- There are all manner of jobs you can get in the magical world that don’t require an advanced degree. You just need to master a few basic, specialized spells. Me? I’m a sanitation sorcerer. Even wizards need someone to take out the trash—Garbage_Mage
- I shot a fireball at one of my professors. He was a total jerk. They expelled me. I still say he deserved it #sorrynotsorry—Hotheaded9
- You sit in all these classes with these famous wizards, but how did they become famous? By going on quests and fighting in great wars, not by sitting in a classroom reading from textbooks. I kept skipping class to research every lost magical artifact in the world, trying to find one that was worthy of a quest. My grades suffered, and eventually I dropped out after months on academic probation. Didn’t matter to me, I was going to make my name in the real world. It’s 10 years later, and I haven’t been able to find one damn relic. Now, I live in the subway and perform street magic for coins. I guess my teachers were right, but at least I took my shot—impossible_dreamer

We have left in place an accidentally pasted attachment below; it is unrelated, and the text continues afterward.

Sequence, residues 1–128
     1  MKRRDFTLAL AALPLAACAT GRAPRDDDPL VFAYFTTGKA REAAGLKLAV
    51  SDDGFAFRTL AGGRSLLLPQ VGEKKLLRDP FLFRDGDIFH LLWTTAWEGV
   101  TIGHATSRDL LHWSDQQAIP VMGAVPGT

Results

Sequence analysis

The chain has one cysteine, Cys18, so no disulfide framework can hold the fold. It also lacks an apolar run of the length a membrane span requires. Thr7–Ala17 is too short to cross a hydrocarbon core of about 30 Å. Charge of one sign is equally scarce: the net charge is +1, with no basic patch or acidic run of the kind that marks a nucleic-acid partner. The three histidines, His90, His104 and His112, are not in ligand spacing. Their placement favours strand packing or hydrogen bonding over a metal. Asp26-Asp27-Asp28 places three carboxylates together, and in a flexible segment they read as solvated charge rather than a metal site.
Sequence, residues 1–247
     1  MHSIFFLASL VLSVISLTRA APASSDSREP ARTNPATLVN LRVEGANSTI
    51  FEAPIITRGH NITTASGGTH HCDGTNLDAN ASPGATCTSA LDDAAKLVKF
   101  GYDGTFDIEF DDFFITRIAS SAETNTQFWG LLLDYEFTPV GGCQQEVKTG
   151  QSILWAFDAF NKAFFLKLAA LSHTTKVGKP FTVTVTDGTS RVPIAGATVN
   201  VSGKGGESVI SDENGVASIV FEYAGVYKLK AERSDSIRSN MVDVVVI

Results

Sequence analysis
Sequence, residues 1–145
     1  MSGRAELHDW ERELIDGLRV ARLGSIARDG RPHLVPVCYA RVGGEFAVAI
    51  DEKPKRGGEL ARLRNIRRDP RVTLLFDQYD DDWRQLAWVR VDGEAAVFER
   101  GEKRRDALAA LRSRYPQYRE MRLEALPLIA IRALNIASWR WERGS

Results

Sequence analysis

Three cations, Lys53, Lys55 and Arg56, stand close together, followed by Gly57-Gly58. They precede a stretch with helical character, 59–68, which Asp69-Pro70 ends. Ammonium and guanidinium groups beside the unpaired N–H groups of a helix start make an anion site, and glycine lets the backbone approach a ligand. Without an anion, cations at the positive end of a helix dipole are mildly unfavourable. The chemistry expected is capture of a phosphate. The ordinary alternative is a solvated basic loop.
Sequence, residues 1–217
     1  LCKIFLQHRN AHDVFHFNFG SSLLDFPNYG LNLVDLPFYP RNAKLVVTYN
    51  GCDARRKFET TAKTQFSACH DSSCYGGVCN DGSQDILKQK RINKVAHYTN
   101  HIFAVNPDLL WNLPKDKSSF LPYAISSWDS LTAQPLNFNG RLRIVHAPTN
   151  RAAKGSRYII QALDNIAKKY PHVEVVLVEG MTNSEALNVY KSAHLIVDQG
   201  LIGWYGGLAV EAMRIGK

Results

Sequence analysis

- I was pretty good at potions, so I became a bartender at the pub in the university town. Some of my old professors come in for drinks from time to time. I laugh a little, inside, because I make more money than they do—darklordofdrinks7
- I remember one class where we had to hypnotize an elephant. Tell me when the hell I’m ever going to need to do that in real life?—Reallifeskillz14
- It was the night of the winter prom. My date and I found a secluded place in the gardens. We had just learned engorgement spells. Suffice it to say that neither of us can ever show our faces there again—Bootleg_Cassanova
- If you think drugs are a problem in a regular high school, you should check out what goes on in a magical one. You have all those potions and poisons lying around, you can only imagine what the dealers come up with. It took me years of rehab to get clean, and by that time, I was way too old to go back to school—emogrl12